A real IT industry recovery is likely to begin about six months after the current international tensions are significantly reduced, whenever that might be.
Can you describe the process by which customer-driven change manifests itself into spawning new IT innovation and companies?
This is a very important question. Historically, IT industry innovation has been heavily driven by the efforts of individual suppliers--IBM, Intel, Microsoft, Cisco, et cetera. But as part of the research for the book, I studied a number of previous examples of customer-led IT innovation, including barcode scanning, ATMs, credit cards and EDI (Electronic Data Interchange). What I found was that effective industrywide cooperation has often played an essential role in the successful acceptance of these technologies. For example, the banking industry now owns and operates the major credit card and ATM networks, just as the retail industry manages the barcode standard. In fact, Visa, MasterCard, Cirrus, Plus, Nasdaq, and others are all examples of companies that are the result of customer-driven change, not the cause.
Looking ahead, it would appear that this cooperative model will also play an important role in many of today's customer-driven frontiers. Think about the cooperation needed for successful business exchanges, interoperable health care, effective copyright protection, and all manner of emerging industry-specific metadata and standards. The strong de facto leadership that has determined so much of the IT industry's past is becoming steadily less important, although it will never fade away altogether. Once again, new cooperative entities are emerging. The control of these entities will be one of the great opportunities of the next few years.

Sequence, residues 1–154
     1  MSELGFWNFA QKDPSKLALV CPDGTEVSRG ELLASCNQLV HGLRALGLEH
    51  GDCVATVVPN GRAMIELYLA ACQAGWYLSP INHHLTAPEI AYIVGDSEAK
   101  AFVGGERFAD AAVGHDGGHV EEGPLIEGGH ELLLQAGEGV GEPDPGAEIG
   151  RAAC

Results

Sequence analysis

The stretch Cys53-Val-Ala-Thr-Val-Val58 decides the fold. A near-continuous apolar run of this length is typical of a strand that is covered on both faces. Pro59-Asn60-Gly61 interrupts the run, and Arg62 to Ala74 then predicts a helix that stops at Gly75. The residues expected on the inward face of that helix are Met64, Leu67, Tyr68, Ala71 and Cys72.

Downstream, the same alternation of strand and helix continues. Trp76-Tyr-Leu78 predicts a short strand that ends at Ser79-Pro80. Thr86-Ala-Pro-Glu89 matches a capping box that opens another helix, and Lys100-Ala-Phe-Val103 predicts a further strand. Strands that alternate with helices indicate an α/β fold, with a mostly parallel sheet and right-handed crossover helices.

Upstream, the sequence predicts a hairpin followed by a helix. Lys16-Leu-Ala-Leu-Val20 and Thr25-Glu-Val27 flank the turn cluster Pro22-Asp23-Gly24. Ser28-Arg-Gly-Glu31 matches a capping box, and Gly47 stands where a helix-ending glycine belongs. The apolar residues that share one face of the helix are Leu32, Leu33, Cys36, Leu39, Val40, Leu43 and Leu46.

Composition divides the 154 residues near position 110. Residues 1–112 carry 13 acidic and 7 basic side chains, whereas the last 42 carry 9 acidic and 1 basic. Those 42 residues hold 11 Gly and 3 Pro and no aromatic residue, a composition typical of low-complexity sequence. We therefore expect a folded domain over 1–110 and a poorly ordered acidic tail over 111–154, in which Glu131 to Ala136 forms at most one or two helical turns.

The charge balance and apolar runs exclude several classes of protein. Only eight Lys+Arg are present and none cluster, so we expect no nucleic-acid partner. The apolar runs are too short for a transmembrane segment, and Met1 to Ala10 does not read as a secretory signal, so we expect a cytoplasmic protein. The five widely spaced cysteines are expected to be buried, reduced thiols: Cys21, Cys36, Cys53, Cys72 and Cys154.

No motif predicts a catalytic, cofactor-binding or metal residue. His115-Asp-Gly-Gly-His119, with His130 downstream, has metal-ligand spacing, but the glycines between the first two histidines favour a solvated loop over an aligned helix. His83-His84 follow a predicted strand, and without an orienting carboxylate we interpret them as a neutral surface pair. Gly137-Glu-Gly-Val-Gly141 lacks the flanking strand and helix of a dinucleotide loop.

How can an IT company prepare itself for the change of being primarily a hardware and software supplier to becoming more of an industry-specific or IT service firm?
I wouldn't take this point quite so far. I am not saying that services companies will grow and that hardware and software product companies will suffer. What I am saying is that services companies will be closer to overcoming the barriers to industry progress than most product companies. However, should many of the customer-led systems I have mentioned come to fruition, the benefits and growth will clearly flow back to product suppliers. Product markets still have a bright future, but one increasingly dependent upon derived demand.
That said, many product companies have come to realize that their business needs a stronger services component, either through their own efforts or through their partners. My basic advice to product companies is to try to identify the major sources of new customer demand and make sure their sales, distribution and service capabilities are aligned with them. If they are, and if they become a real partner in helping customers deliver important new value, their core product business will benefit whenever the next big industry expansion begins.
Click here for Harvard Business School's information portal.
© Copyright 2003 President and Fellows of Harvard College